Kieran Donaghy, Kerry’s three-time All-Star and four-time All-Ireland winning forward, will prioritise Gaelic football over basketball this summer, despite being named in Pete Strickland’s Irish international basketball squad yesterday.
Strickland, Ireland’s America-based coach, made it clear he was happy for his sport to play “second fiddle” in Donaghy’s life this year, having already established a warm relationship with the dual player, who has yet to play for Kerry this season.
Instead Donaghy’s winter has been spent with Tralee Warriors, the Kerry-based Super League team, where he has impressed Strickland with his versatility and leadership. “Kieran is a big personality on the floor,” Strickland said. “In our sport, so many guys are specialists but Kieran has a diversity of skills that makes opposing teams have to think long and hard about what he might do.
“I really like him – as a player, as a person. We haven’t chatted face-to-face yet but we have spoken at length by phone and what I really admire in him is his directness. He’s a winner. I’ve seen that quality shine through in my sport and have seen it from him in Gaelic football, too.
“Kieran is, quite simply, an impressive guy. I did my research and everyone I spoke to told me the same thing: that he’s a stand-up guy, a likeable man who has a huge will to win. And that’s certainly the impression I have formed of him.
“I’m fully aware of his status as a Gaelic footballer – and the hard-earned success he has gained in his career. We’ve got off to a good start, he and I. We communicate clearly and I intend to do so, continually.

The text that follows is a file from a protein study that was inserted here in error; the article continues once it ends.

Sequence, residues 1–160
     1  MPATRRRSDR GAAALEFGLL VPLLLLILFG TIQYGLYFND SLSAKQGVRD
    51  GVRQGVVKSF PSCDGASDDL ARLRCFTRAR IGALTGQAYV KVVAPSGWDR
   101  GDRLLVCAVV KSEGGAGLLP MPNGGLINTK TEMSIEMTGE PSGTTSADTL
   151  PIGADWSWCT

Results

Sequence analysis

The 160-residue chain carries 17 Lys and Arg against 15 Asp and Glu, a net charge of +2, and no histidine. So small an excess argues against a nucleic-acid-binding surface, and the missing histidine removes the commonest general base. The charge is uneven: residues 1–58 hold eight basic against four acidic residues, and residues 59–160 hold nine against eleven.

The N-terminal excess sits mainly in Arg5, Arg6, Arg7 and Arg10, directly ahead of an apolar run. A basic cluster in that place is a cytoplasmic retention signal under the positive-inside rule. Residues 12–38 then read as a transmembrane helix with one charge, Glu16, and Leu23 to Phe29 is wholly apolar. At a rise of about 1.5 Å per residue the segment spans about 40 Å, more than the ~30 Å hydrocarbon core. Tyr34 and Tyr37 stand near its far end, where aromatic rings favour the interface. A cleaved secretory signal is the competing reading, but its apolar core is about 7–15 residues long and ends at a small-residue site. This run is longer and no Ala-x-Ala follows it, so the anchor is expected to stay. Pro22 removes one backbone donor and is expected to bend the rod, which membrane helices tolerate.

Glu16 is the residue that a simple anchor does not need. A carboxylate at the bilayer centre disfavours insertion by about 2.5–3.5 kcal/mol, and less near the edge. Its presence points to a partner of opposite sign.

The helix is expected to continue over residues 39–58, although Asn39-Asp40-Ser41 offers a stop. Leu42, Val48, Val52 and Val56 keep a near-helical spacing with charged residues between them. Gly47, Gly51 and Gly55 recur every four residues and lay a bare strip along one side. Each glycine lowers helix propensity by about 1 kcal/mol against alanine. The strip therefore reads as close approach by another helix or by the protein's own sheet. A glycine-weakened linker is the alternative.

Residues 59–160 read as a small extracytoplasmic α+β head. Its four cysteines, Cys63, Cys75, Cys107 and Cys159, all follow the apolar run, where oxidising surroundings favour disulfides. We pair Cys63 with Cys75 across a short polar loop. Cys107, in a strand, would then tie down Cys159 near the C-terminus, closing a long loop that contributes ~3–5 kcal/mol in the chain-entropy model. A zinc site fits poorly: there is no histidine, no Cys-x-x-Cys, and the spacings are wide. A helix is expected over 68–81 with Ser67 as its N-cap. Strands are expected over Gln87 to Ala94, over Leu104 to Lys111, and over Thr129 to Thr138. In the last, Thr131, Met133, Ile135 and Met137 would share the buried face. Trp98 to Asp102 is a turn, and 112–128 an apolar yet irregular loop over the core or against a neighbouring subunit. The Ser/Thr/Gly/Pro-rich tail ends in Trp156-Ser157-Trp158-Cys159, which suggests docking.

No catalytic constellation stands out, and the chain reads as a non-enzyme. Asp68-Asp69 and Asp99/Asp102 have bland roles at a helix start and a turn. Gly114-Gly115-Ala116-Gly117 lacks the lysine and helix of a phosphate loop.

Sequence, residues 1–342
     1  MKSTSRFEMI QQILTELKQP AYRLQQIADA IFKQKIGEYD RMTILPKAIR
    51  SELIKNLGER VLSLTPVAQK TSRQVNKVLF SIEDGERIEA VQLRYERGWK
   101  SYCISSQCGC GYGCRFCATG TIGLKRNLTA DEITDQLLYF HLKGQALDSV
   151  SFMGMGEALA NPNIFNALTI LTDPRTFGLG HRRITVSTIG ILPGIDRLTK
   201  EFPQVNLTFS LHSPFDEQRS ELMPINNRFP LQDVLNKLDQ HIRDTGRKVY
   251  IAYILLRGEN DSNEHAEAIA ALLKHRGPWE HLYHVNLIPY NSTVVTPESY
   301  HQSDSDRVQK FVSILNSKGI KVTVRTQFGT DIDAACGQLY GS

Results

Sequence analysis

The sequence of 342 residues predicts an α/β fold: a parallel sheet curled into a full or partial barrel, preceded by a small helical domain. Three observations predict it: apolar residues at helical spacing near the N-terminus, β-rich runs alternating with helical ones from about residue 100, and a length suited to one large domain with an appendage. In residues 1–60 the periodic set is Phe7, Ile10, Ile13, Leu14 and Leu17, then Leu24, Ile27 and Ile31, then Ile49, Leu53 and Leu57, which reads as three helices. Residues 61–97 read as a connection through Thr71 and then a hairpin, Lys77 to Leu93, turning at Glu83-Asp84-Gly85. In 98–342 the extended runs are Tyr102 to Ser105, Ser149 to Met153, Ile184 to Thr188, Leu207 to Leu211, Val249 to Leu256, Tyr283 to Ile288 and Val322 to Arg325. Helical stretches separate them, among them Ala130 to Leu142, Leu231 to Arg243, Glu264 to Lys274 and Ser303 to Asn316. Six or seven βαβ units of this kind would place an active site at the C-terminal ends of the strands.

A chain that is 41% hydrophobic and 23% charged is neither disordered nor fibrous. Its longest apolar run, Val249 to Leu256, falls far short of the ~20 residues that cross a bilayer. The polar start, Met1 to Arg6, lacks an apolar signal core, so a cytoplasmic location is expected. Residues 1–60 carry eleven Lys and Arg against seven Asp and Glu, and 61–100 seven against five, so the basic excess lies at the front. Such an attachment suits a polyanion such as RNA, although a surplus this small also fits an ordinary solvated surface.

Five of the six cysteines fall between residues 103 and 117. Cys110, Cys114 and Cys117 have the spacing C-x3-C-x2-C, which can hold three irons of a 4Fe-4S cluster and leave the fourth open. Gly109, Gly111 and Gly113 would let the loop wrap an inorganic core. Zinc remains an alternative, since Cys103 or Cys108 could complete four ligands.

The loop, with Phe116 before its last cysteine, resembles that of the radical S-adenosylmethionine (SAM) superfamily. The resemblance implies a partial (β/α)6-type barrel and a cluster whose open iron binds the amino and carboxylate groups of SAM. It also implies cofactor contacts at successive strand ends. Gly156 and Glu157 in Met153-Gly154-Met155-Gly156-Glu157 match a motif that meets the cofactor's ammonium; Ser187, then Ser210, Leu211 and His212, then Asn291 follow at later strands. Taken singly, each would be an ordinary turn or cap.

“That is why I accept and respect the fact that Gaelic football is his priority. We will play second fiddle to Kerry and as September (the date of the All-Ireland football final) looms, Kieran and I will continue to talk. I’m building towards 2018, the FIBA European Championship for Small Countries. We share the same vision for Irish basketball.
“This is why I feel good about Kieran’s involvement. If we get him for 20 minutes, I know it’ll be a hell of a good 20 minutes. If we get him for a weekend’s training camp, I know it will be a hell of a camp. I don’t want to jeopardise his season with Kerry. Much depends on his availability.”
Thus far in 2017, Donaghy has been juggling life with Kerry and Tralee Warriors, training once a week with Kerry, while the Super League season comes to a conclusion. Due to end next month – shortly before Strickland has the first of his two training camps this year – there was a clear prospect of Donaghy’s Kerry career being compromised.
That evidently isn’t going to be the case now, although there is a strong possibility that he will retire from inter-county football at the end of this season and concentrate fully on basketball from that point forward.
Strickland, certainly, will be keeping the door open – although he is also aware of the perils of affording special status to one player. “The task within any coaching set-up is to build a team, to connect with one another. As individuals, we all like to feel appreciated and my role – and all the coaching staff’s jobs – will be to ensure guys feel valued. Having coached for so long (he got his first job in 1984) – I understand the importance of this.”
He also senses the importance of the national team being competitive. The FIBA European Championship for Small Countries – a biannual FIBA EuroBasket competition, organized by FIBA Europe – has only been won once by Ireland. So that’s the primary goal. Long-term, it’s qualifying for the Olympics. “We have to crawl before we can run,” Strickland said, having also included Neil Randolph, the brother of the Ireland and West Ham United goalkeeper, Darren Randolph, in his 20-man squad.
Four players playing overseas – Jordan Blount (University of Illinois), John Carroll (University of Hartford), Cian Sullivan (La Salle University) and Paul Dick (most recently Fuenlabrada, Madrid) – were also named in Strickland’s panel.